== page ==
Rafael Nadal and Novak Djokovic cruise towards French Open semi-final tomorrow

Clash has been billed as the ‘real final’ of tournament

Rafael Nadal of Spain celebrates defeating Stanislas Wawrinka of Switzerland in their men’s singles quarter-final match during the French Open tennis tournament at the Roland Garros stadium yesterday. Photograph: Reuters

Rafael Nadal of Spain celebrates defeating Stanislas Wawrinka of Switzerland in their men’s singles quarter-final match during the French Open tennis tournament at the Roland Garros stadium yesterday. Photograph: Reuters

 


On a warm day that dulled the senses but not the reflexes or the perspective of the favourites, Rafael Nadal and Novak Djokovic cruised in different gears towards a semi-final tomorrow that has been billed as the “real final” of this French Open.

That might be harsh on Jo-Wilfried Tsonga or David Ferrer, who contest the other semi-final, but it reflects the almost universal view. Tsonga’s three-set win over Roger Federer on Tuesday briefly disturbed that perception and, for the first time since Tomas Berdych intruded on the 2010 final at Wimbledon, there will be a chance for someone else to stand tall in a major. But can either of those beat either of these? Tsonga has the better chance.

“The draw is what it is,” said Djokovic, who beat Nadal on clay in Monte Carlo. “I don’t want to talk about ‘what if’. We’re in a semi-final, I have a big challenge in front of me and I’m ready for it. We’ve played each other over 30 times. He’s lost only a few times since he came back and you’ve got to respect that.”

If there were any form-line to be drawn through their quarter-finals, it may be that Tommy Haas, the 35-year-old German who has rebuilt his career to stand at 14 in the world, gave Djokovic a harder time of it over three sets in two and a quarter hours than the 9th seed, Stanislas Wawrinka, did in just under two hours against Nadal.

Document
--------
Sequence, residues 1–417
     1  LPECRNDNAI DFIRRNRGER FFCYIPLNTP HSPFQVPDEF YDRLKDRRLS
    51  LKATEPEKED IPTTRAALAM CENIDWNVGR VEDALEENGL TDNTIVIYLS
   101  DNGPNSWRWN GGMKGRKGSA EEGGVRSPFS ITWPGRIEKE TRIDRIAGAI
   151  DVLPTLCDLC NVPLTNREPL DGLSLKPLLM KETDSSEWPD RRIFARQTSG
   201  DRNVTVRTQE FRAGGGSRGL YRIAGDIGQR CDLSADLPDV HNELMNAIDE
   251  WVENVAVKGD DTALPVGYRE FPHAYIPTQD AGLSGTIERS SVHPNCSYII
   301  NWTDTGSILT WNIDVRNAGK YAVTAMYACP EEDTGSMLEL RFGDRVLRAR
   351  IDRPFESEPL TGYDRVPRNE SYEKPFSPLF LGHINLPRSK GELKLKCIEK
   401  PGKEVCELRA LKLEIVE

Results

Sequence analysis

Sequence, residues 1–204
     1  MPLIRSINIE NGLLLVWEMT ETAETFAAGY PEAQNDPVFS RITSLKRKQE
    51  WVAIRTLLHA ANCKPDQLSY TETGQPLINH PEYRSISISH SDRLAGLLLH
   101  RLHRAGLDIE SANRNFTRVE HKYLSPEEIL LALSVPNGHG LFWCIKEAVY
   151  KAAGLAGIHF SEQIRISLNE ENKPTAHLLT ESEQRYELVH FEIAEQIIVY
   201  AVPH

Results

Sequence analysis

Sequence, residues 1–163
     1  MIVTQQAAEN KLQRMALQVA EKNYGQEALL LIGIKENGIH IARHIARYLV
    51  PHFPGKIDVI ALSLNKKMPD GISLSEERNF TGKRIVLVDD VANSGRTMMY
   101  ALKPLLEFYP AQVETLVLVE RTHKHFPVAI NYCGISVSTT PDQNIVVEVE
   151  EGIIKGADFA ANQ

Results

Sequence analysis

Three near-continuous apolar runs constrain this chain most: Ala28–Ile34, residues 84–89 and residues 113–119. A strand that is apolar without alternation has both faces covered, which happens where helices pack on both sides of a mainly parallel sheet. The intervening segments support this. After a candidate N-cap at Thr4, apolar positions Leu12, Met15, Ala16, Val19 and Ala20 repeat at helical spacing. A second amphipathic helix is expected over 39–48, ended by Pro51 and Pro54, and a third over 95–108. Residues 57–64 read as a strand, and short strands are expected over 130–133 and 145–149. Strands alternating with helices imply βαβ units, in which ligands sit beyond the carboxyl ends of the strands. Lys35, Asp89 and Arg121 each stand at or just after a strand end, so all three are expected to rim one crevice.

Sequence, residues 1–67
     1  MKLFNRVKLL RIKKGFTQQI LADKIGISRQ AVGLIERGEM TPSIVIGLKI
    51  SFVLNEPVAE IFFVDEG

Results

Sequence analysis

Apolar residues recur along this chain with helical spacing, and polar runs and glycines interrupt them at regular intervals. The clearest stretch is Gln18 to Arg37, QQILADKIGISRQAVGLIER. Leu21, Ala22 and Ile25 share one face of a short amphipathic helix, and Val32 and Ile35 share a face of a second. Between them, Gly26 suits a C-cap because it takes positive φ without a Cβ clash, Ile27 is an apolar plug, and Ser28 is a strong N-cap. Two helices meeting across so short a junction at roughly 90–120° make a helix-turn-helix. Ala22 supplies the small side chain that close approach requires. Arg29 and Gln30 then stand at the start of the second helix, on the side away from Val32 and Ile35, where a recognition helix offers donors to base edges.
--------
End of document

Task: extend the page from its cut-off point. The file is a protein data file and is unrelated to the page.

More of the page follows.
“It was a good performance in general,” Djokovic said. “I came up with some good shots but I could have done better, could have done the job earlier but he came back with some good points.”

Nadal was slightly more upbeat. “It was my best match of the tournament, without any doubt,” he said. “The numbers were good but the most important thing is the feeling. I’m happy.”

He might have bagelled the Swiss had an outrageous, flat-on-his-back volley at the net not inched wide in the sixth game of the third set. He settled for serving out to love to win 6-2, 6-3, 6-1 and had that muscular air of old about him. The Spaniard may be a slight favourite to repeat last year’s final, when he handled the overnight break in play better than Djokovic to win his seventh title.

Now the conditions are near-perfect for Nadal, a mild blast of sun having given his favoured red dirt more grip and bounce, with his top-spun forehands steepling into armpits again.

Nadal also embarrassed Wawrinka in the final set with brutal hitting down both flanks, some from outrageous angles, a few on the run, testimony to the solidity of his suspect knee. “Probably he was a little bit tired,” Nadal said, charitably. “I feel sorry for him – he’s having a great season. But I’m really happy the way I played today.”
Guardian Service